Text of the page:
Take a look at the beta version of dw.com. We're not done yet! Your opinion can help us make it better.
When mom's out of work, poverty can loom for her and her children, a study by the Bertlesmann Foundation in Germany found. Children of single parents are worse off, but those in a two-parent household aren't spared.
Going to the movies or being on a sports team is an unaffordable luxury for many children and youth in Germany who have so little money that they are shut out from activities their peers take for granted.
A study commissioned by the Bertelsmann Foundation has found that the traditional family model of a working father and a stay-at-home mother, which is still typical, especially in western Germany, might contribute to child poverty. According to the study, the mother's income is a decisive factor when it comes to predicting whether a child will grow up in poverty or not.
"We were really taken by surprise when we saw how strong the influence of the mother's job on the children's situation was," Bertelsmann Foundation project manager Sarah Menne told DW.
According to the study, almost all kids whose mother works full or part time are financially secure. But when a mother stops working for longer periods of time, almost one third of kids experience so-called poverty situations either on reoccuring occassions or constantly. Another 30 percent runs a short-term risk of falling below the poverty line.
The study defines a poverty situation as when a family has to make do with less than 60 percent of the median household income or has to obtain state aid. The study evaluated information from 3,180 children over the course of five years.
Single moms at a disadvantage
For single moms the situation is even worse. The only factor preventing kids from growing up in poverty was a mom who worked at least 30 hours a week. For many single parents, that's close to impossible: juggling childcare and work by themselves doesn't allow them to get a full-time or nearly full-time job. Among the kids whose mother had a part-time job, at least one fifth experienced constant or reoccurring poverty, and another 40 percent lived in poverty for a period of time. Kids whose single mother didn't work almost always grew up in poverty.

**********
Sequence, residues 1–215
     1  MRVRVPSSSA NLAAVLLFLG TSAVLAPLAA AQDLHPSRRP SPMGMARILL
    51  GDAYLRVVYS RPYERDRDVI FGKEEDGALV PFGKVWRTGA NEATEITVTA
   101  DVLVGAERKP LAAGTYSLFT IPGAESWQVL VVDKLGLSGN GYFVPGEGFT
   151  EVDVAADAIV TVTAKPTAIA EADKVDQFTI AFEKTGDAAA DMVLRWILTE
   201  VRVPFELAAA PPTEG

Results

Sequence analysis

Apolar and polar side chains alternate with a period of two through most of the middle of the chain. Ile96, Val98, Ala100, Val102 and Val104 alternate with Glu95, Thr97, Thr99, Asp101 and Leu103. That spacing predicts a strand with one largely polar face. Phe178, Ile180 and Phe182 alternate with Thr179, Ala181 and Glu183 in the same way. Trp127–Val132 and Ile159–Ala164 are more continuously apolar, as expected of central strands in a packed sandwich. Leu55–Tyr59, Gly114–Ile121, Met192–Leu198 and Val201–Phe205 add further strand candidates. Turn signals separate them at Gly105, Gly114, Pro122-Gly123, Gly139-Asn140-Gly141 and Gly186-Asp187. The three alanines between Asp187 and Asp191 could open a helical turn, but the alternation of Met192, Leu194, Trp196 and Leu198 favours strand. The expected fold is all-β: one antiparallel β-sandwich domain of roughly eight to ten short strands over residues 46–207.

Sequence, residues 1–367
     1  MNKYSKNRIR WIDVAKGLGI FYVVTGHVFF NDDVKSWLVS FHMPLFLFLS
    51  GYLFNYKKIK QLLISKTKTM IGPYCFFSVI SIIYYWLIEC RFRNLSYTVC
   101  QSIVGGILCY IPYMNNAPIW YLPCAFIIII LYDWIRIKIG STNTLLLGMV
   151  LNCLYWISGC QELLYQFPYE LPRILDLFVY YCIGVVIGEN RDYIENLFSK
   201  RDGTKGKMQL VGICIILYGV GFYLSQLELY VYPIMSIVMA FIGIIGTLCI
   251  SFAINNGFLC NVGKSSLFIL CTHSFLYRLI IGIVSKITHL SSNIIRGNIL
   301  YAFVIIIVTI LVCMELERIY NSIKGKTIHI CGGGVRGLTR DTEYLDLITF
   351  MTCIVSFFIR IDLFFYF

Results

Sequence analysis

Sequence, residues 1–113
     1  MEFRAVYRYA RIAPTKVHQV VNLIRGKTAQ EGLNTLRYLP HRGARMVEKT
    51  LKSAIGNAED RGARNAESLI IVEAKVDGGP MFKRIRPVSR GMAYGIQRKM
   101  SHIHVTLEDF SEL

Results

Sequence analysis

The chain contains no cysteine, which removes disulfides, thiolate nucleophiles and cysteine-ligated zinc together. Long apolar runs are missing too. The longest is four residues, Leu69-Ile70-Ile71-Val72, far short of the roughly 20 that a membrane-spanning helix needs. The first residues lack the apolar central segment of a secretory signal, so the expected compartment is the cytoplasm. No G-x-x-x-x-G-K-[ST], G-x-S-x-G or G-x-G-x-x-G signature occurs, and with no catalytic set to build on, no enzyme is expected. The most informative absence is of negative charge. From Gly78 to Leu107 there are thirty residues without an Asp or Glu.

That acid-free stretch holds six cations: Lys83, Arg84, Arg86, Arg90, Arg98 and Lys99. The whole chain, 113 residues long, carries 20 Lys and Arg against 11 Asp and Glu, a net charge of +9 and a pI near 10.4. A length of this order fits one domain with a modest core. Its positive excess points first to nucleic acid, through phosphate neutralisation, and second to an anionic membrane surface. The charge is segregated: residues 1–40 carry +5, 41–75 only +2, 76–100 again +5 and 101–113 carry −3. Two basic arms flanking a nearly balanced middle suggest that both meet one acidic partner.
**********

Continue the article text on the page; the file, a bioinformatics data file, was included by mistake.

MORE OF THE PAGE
The German Children's Fund was shocked by the results. "Single parents are still at a structural disadvantage, even though many people have long been calling for them to receive support," Nina Ohlmeier, head of advocacy at the fund, told DW.
Ohlmeier is calling for more tax relief for single parents and for a higher minimum wage.
"Single parents also frequently work in jobs that are typically filled by women and that pay poorly. Things definitely need to change here," she said, adding that the right to return to a full-time position after maternity leave must be legally guaranteed.
Poor kids have fewer friends
For both children of single parents and children in traditional family models, growing up in poverty leads to isolation.
"Children in long-term poverty have fewer friends," Bertelsmann's Menne said. "They are members of sports clubs less frequently, don't go to the movies as often, have access to fewer hobbies and often can't invite friends over to their houses. Of course that leads to them having a smaller network and feeling less like they belong to society."
These children, Menne said, know from a very young age that they have fewer chances in our society. She explained how they rated their possibilities a lot lower than wealthier children did.
"And on a social level that is incendiary, given how polarized society is," Menne said. She believes that current laws for supporting these families don't go far enough. "That's why we are calling for family benefits to be restructured and combined into one participation benefit."
Menne and her colleagues from the German Children's Fund want a payment that depends on the parents' income and that's independent from general unemployment benefits. They say this is the only way to truly help children and to make sure a mother's job cease to be an indicator for child poverty.